SAN FRANCISCO -- Wal-Mart Stores Inc. was accused Tuesday of rampant
discrimination against female workers in a federal lawsuit against the
nation's largest private employer.
The suit, which seeks to represent as many as 500,000 current and former
women workers, claims the company ''systematically discriminates against
its women employees,'' said Brad Seligman, one of several attorneys on the
If granted class-action status, the suit would become the nation's largest
gender-based discrimination case against a private employer. The plaintiffs
are seeking to change the company's alleged discriminatory practices.They
have not specified how much money they are seeking.
''Wal-Mart does not condone discrimination of any kind,'' said Bill Wertz,
a spokesman for the Bentonville, Ark.-based retailer. ''Women hold
positions of significant responsibility at Wal-Mart.''
Wal-Mart, which also operates Sam's Club, employs nearly 1 million people,
three-fourth of them women.
Wertz said women are well represented at the company - the chief executive
of walmart.com is a woman, as is one of three executive vice presidents of
Sam's Club, he said. Women also hold high positions in the company's labor
relations and legal departments.
In all, Wertz said, women hold 37 percent of 55,000 management positions.
He also said that Wal-Mart does not count store department managers as
management, while other retailers might to inflate their figures.
The suit, filed in San Francisco's U.S. District Court, asserts there are
nearly double the number of women in management at competing retail stores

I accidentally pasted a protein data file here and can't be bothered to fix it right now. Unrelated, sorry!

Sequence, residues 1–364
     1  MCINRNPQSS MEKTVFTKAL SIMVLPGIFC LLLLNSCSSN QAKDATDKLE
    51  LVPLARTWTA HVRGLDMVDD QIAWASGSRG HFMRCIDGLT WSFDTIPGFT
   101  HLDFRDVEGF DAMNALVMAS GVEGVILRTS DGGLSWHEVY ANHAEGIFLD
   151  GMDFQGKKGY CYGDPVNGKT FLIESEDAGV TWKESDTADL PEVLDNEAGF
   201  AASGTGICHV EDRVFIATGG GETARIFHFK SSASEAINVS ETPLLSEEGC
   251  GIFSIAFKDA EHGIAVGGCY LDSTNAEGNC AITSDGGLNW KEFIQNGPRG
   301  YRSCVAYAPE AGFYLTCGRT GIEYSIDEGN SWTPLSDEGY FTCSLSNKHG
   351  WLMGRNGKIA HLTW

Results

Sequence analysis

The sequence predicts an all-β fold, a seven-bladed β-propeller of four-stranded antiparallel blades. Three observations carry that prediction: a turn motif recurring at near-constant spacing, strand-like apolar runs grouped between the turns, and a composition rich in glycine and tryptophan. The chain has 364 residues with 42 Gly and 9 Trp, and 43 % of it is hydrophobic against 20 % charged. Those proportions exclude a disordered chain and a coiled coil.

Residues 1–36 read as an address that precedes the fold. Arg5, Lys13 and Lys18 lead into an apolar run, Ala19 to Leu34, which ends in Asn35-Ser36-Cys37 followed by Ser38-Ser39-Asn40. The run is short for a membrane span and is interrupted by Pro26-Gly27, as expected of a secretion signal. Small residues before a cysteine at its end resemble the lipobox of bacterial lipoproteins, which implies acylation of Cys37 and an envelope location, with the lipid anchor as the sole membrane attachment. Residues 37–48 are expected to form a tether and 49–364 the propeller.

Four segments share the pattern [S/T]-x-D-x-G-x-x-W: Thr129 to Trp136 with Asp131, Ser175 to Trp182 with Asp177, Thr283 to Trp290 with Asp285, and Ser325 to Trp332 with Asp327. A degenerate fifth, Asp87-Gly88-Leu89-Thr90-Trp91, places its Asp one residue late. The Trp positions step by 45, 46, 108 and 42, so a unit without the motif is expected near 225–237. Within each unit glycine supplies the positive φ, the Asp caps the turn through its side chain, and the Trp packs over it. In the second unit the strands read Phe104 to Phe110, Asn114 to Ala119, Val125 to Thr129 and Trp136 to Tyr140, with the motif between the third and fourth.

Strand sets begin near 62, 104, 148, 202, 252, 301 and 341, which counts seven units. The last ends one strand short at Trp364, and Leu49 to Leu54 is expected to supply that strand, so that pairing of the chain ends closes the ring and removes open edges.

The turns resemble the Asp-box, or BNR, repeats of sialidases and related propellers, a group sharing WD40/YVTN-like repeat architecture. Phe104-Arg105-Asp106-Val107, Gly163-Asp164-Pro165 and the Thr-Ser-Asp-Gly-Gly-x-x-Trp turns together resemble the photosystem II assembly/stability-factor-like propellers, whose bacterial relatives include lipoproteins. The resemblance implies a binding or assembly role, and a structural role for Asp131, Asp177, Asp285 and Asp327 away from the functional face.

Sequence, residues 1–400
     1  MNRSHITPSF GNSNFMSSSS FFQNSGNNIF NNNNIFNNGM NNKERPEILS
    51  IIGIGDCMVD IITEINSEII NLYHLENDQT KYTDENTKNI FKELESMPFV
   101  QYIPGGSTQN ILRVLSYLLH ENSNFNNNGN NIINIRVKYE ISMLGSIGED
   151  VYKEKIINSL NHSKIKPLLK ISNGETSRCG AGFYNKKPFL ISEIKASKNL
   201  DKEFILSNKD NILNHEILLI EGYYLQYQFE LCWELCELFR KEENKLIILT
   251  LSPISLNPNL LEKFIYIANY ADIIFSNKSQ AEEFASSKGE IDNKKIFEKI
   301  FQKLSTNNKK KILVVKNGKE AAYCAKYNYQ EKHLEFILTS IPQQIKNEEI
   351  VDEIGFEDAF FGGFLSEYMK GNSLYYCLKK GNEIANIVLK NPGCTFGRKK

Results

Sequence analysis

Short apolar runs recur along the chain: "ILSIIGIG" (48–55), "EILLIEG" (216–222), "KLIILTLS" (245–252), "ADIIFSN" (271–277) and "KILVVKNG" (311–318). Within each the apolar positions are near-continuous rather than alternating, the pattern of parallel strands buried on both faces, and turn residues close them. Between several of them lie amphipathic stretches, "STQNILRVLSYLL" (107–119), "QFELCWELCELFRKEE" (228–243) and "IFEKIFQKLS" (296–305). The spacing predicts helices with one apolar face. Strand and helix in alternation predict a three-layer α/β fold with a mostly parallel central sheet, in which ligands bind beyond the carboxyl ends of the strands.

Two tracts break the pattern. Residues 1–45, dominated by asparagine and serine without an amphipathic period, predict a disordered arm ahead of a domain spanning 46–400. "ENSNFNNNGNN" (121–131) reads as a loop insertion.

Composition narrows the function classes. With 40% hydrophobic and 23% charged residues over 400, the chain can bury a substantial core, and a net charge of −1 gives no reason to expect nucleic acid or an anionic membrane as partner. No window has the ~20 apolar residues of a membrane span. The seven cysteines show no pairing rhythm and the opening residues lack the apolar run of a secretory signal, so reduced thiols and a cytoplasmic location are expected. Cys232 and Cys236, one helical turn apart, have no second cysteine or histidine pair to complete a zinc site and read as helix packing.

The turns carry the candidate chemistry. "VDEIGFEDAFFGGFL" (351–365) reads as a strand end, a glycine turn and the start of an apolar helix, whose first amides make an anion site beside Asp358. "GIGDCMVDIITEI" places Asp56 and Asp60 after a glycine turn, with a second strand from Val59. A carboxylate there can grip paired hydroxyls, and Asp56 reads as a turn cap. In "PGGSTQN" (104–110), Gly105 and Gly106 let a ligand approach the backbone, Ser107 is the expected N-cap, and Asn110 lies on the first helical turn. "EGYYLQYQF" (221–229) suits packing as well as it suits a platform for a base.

and that male Wal-Mart workers get higher pay than women for the same
duties. It claims the retailing giant passes over women for promotions and
training, and retaliates against women who register complaints.
Micki Miller Earwood, a former personnel manager at an Urbana, Ohio,
Wal-Mart, said she recently was fired after complaining about what she said
was discriminatory treatment.
''Wal-Mart is not a place I would ever hope for my daughter to work at,''
said Earwood, one of six plaintiffs in the suit.
This site contains copyrighted material the use of which has not always been specifically authorized by the copyright owner. We are making such material available in our efforts to advance understanding of environmental, political, human rights, economic, democracy, scientific, and social justice issues, etc. We believe this constitutes a 'fair use' of any such copyrighted material as provided for in section 107 of the US Copyright Law. In accordance with Title 17 U.S.C. Section 107, the material on this site is distributed without profit to those who have expressed a prior interest in receiving the included information for research and educational purposes. For more information go to: http://www.law.cornell.edu/uscode/17/107.shtml. If you wish to use copyrighted material from this site for purposes of your own that go beyond 'fair use', you must obtain permission from the copyright owner.